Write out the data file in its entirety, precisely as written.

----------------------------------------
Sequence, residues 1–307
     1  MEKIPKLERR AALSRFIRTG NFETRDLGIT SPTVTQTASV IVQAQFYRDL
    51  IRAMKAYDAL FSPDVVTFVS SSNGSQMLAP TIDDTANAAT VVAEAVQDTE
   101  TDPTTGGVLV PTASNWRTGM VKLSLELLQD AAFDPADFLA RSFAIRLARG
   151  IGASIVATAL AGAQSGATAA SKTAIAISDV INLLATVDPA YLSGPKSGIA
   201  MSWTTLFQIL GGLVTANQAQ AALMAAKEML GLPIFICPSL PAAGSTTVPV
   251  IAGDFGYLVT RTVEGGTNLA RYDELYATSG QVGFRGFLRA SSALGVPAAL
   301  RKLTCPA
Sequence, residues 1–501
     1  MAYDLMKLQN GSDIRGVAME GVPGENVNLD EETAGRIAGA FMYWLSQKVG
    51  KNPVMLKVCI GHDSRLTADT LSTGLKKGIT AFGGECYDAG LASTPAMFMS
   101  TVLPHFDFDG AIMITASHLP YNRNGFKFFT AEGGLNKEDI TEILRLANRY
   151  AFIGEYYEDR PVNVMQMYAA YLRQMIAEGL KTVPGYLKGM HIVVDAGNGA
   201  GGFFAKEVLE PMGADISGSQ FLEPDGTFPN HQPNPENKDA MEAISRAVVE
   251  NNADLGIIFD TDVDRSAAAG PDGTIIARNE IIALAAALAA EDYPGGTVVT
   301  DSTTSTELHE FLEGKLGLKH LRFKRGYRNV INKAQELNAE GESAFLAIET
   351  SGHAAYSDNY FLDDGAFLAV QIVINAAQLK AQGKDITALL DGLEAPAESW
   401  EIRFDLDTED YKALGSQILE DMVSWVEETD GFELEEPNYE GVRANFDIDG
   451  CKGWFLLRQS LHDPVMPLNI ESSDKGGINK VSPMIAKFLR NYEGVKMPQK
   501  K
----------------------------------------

Sequence, residues 1–307
     1  MEKIPKLERR AALSRFIRTG NFETRDLGIT SPTVTQTASV IVQAQFYRDL
    51  IRAMKAYDAL FSPDVVTFVS SSNGSQMLAP TIDDTANAAT VVAEAVQDTE
   101  TDPTTGGVLV PTASNWRTGM VKLSLELLQD AAFDPADFLA RSFAIRLARG
   151  IGASIVATAL AGAQSGATAA SKTAIAISDV INLLATVDPA YLSGPKSGIA
   201  MSWTTLFQIL GGLVTANQAQ AALMAAKEML GLPIFICPSL PAAGSTTVPV
   251  IAGDFGYLVT RTVEGGTNLA RYDELYATSG QVGFRGFLRA SSALGVPAAL
   301  RKLTCPA
Sequence, residues 1–501
     1  MAYDLMKLQN GSDIRGVAME GVPGENVNLD EETAGRIAGA FMYWLSQKVG
    51  KNPVMLKVCI GHDSRLTADT LSTGLKKGIT AFGGECYDAG LASTPAMFMS
   101  TVLPHFDFDG AIMITASHLP YNRNGFKFFT AEGGLNKEDI TEILRLANRY
   151  AFIGEYYEDR PVNVMQMYAA YLRQMIAEGL KTVPGYLKGM HIVVDAGNGA
   201  GGFFAKEVLE PMGADISGSQ FLEPDGTFPN HQPNPENKDA MEAISRAVVE
   251  NNADLGIIFD TDVDRSAAAG PDGTIIARNE IIALAAALAA EDYPGGTVVT
   301  DSTTSTELHE FLEGKLGLKH LRFKRGYRNV INKAQELNAE GESAFLAIET
   351  SGHAAYSDNY FLDDGAFLAV QIVINAAQLK AQGKDITALL DGLEAPAESW
   401  EIRFDLDTED YKALGSQILE DMVSWVEETD GFELEEPNYE GVRANFDIDG
   451  CKGWFLLRQS LHDPVMPLNI ESSDKGGINK VSPMIAKFLR NYEGVKMPQK
   501  K